Saturday, October 6, 2007
One theme that emerged in the symposium that I blogged about earlier today was the crucial importance of an attorney clearly identifying her client when conducting investigative interviews on behalf of institutional clients. We rarely see bar discipline cases that impose discipline for failure to do so, but here's a summary of such a case taken from the web page of the North Carolina Bar:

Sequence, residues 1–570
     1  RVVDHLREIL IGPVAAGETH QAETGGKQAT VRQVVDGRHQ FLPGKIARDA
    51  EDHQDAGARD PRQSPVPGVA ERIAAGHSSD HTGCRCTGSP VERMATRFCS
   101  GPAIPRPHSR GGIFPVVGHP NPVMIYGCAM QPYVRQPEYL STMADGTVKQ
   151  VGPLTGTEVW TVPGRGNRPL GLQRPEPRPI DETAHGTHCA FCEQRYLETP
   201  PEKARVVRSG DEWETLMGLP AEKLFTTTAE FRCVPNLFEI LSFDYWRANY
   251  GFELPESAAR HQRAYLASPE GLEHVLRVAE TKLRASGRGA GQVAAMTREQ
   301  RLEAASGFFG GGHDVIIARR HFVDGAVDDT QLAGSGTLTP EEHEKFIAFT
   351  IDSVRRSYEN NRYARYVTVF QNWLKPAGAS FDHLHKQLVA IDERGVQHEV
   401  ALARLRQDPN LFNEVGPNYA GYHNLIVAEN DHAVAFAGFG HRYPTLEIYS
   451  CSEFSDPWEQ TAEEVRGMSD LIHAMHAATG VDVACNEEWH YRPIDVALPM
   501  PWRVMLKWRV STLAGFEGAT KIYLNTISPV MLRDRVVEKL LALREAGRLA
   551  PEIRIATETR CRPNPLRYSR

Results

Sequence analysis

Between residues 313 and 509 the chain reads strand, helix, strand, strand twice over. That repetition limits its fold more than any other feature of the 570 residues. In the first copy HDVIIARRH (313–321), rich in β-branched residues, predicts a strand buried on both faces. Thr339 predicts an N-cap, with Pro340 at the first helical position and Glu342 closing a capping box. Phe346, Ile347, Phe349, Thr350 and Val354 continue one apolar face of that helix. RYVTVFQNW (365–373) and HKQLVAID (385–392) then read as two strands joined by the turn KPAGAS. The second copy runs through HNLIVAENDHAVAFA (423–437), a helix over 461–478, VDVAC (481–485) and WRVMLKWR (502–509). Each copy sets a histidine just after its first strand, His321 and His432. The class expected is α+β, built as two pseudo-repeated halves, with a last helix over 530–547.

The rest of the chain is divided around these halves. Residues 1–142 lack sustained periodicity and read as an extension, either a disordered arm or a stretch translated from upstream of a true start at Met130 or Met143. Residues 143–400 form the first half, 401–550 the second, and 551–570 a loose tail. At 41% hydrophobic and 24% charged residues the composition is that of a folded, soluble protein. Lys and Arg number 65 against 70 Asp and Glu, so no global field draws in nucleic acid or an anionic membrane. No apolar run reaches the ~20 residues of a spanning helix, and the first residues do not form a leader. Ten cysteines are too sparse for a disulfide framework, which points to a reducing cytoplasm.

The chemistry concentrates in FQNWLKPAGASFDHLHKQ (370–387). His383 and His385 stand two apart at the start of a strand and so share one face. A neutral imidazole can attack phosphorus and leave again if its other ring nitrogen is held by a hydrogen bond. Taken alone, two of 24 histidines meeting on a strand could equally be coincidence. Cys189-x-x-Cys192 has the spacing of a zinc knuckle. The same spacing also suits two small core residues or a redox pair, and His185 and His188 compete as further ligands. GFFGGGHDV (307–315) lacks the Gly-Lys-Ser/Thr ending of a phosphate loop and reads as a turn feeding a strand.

"Raleigh lawyer Richard Schwartz was reprimanded by the Grievance Committee. Schwartz was retained by a local school board to investigate alleged assaultive conduct by high school students. Schwartz conducted interviews of several alleged victims. Rather than make it clear to the interviewees and their parents that he had a preexisting attorney-client relationship with the school board and was giving advice to the school board about the matter being investigated, he created the impression that he was conducting an independent investigation. Schwartz also lead the district attorney to believe there was no evidence that a felony occurred when in fact there was evidence, which Schwartz deemed incredible, that, if true, would constitute felony sexual offense. Schwartz' misconduct was mitigated by his lack of prior discipline and apparent lack of dishonest motive."